Wine Routes of Loire - Grape Varietals - France's most diverse wine region. The Loire Vigerons welcome tourists and sell their classic wines at bargain prices.

WINE STYLES OF LOIRE VALLEY WINE TRAILS.

WHITE WINES of Loire Valley

The white wines of the Loire Valley are perfect wines for spring and summer and seafood meals. Their fruity aromas and refreshing acidity make them ideal for warm weather and occasions when bigger, oaky wines are not so suitable.. These wines include: Anjou Blanc –Cherverny-Chinon Blanc-Coteaux du Giennois-Cour Cheverny Jasnières-Menetou-Salon-Montlouis sur Loire-Muscadet Sur Lie-Pouilly Fumé Pouilly Sur Loire-Quincy-Reuilly-Sancerre-Saumur Blanc-Savennières - Touraine Blanc-Touraine Amboise-Touraine-Azay le Rideau-Touraine Mesland Vouvray

ROSE WINES of Loire Valley

The rosés of the Loire Valley are perfect wines for summer. They are refreshing, full of flavour and complement picnics and barbecues. Bourgueil-Cabernet d’Anjou-Cabernet de Saumur-Chinon-Rosé d’Anjou Rosé de Loire-Sancerre-St-Nicolas de Bourgueil-Touraine-Touraine-Amboise Touraine-Azay le Rideau-Touraine-Mesland-Touraine-Noble Joué .

RED WINES of Loire Valley

The red wines of the Loire Valley can be light or full-bodied, but they are never overpowering. The lighter ones (some Chinon, St Nicolas de Bourgueil, etc) can be served slightly chilled at a summer barbecue, and the more full-bodied ones (Chinon from hillside vineyards, Saumur Champigny, Anjou-Villages and Anjou-Villages Brissac, etc.) are excellent wines for autumn or as a slightly lighter alternative to more traditional winter wines. These wines include: Anjou Rouge-Anjou-Villages-Anjou-Villages Brissac-Bourgueil-Châteaumeillant Chinon-Coteaux du Giennois-Coteaux du Loir-Menetou Salon-Reuilly St Nicolas de Bourgueil-Saumur-Champigny-Sancerre Rouge-Saumur Rouge Touraine Rouge-Touraine-Amboise-Touraine-Mesland

SPARKLING WINE –CREMANTS AND “FINE BULLES” encountered during Loire Wine Touring.

Sparkling wines of the Loire Valley, or Fines Bulles (fine bubbles) are perfect for the holidays and celebrations... These wines include: Anjou Mousseux-Crémant de Loire-Montlouis sur Loire Saumur Brut-Touraine Mousseux-Vouvray

SWEET WINES from the Loire Valley

The Loire Valley produces some of the best dessert wines in the world. Some are Moelleux (moderately sweet)and others Liquoreux (very sweet), but all are made from Chenin Blanc.

They can be enjoyed as an aperitif at the beginning of a great meal or as the final glass of wine. They also complement foie gras preparations, blue cheeses and some desserts.Anjou-Coteaux de la Loire-Bonnezeaux-Coteaux de l’Aubance-Coteaux de Saumur Coteaux du Layon-Coteaux du Layon Chaume-Coteaux du Layon Villages Montlouis sur Loire-Quarts de Chaume-Vouvray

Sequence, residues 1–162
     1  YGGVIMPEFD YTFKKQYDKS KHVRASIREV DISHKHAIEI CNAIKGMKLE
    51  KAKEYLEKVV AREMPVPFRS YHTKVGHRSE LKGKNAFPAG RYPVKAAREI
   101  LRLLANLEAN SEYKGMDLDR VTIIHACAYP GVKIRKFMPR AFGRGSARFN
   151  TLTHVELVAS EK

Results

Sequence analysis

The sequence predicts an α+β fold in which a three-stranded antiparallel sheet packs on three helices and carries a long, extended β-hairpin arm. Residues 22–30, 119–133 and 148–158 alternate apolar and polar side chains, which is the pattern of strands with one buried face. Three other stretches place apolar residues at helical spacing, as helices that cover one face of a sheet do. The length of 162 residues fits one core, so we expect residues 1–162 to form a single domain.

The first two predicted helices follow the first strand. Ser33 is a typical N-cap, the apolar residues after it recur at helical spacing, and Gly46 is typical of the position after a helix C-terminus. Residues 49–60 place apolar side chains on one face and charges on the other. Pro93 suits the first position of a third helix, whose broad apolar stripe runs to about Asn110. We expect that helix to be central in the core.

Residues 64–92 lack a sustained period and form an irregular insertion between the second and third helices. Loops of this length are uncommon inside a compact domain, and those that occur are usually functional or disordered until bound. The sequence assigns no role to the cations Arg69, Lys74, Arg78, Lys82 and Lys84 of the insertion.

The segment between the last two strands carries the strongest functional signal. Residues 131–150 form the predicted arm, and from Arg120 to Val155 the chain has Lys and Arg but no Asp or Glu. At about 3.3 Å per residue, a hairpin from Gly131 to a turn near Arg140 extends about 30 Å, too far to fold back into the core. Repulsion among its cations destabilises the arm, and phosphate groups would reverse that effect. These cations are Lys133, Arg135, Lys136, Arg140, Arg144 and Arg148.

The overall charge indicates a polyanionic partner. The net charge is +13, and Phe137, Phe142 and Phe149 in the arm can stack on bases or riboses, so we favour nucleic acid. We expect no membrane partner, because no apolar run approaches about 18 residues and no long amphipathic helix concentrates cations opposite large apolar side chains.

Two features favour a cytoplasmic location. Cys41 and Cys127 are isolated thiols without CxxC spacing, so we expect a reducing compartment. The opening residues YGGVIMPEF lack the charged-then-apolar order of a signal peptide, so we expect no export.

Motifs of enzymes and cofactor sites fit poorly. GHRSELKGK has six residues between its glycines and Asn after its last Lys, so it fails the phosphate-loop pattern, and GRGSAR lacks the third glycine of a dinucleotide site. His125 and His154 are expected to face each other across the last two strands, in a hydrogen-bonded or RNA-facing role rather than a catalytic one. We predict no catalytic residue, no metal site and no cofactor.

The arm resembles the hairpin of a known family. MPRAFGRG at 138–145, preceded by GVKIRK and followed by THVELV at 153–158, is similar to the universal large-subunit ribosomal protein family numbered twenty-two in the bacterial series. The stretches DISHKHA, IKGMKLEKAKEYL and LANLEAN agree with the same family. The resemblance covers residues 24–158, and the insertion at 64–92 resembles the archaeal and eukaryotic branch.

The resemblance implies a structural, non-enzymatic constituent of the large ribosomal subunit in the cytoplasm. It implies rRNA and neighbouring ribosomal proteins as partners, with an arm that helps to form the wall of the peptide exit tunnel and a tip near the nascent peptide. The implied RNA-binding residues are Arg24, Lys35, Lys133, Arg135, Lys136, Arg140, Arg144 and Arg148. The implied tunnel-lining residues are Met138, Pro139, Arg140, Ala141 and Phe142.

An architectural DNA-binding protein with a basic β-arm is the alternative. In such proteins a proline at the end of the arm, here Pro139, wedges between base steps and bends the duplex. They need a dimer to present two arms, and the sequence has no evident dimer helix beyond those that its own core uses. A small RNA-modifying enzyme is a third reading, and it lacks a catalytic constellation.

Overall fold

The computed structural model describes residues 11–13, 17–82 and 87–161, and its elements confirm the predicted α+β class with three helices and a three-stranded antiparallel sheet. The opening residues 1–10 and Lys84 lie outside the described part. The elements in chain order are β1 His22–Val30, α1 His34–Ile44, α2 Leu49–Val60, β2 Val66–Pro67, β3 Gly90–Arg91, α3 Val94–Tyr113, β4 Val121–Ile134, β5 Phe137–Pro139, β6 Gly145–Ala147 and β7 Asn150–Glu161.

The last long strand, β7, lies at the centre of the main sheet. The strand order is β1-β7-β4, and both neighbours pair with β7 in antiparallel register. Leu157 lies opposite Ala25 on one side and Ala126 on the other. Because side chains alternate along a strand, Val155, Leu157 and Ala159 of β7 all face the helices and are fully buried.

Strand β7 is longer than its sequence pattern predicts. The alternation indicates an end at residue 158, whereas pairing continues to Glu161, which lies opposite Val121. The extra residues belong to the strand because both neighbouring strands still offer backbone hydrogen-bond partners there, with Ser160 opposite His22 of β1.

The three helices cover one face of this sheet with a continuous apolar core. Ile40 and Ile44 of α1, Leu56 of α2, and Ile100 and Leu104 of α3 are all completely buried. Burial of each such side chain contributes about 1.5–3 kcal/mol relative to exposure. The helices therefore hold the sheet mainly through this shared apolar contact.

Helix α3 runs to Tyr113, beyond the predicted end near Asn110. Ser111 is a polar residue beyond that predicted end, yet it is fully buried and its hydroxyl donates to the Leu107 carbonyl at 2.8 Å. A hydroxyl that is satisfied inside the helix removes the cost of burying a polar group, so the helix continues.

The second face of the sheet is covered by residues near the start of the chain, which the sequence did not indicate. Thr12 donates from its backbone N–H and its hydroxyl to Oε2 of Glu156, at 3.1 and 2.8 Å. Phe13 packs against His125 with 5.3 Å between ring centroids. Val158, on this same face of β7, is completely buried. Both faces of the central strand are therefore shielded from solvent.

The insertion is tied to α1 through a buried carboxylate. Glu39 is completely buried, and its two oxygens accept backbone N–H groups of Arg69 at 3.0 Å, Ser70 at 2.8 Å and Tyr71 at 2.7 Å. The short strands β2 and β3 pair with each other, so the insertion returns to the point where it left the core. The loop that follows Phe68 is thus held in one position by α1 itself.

Red  Varieties of the Loire Valley Wine Routes

Cabernet Franc, the most important red grape of the Anjou-Saumur and Touraine region, isa close relative of Cabernet Sauvignon. It ripens earlier than its more famous cousin, making it better suited to the cooler climate of the Loire. It probably originated in Bordeaux, where it is mainly used for blending, but it is so well suited to conditions in the Loire Valley that it stands alone in such famous wines as Chinon, Bourgueil and Saumur-Champigny. Cabernet Franc, also called Breton locally, came to the region no later than the 14th century. It was praised by Rabelais, the great epicurean writer who was born near Chinon, and Cardinal Richelieu selected it for exclusive planting at St. Nicolas de Bourgueil, where it has been grown ever since. It is only in recent years, however, that its particular affinity for theclimate of the Loire Valley has been widely recognized and planting has increased markedly as a result. The success of Cabernet Franc in the Loire Valley has sparked interest elsewhere, and winemakers in cooler climates in the New World (notably in New York State) have planted the grape with very good results. However, as with Chenin Blanc and Sauvignon Blanc, international standards for Cabernet Franc are set in the Loire Valley.

Cabernet Franc can make lighter bodied, less tannic wines than many other red grapes and they are generally ready to drink soon after bottling. Besides this , reputation for refreshing, youthful wines, there are full bodied wines made from Cabernet Franc that are capable of aging magnificently for years. In its youth Cabernet Franc has the aroma of red raspberries and cherries, but it develops more complex notes as it ages. Fine old Cabernet Franc wines have been describesd as reminiscent of the aromas of a forest after a rainstorm.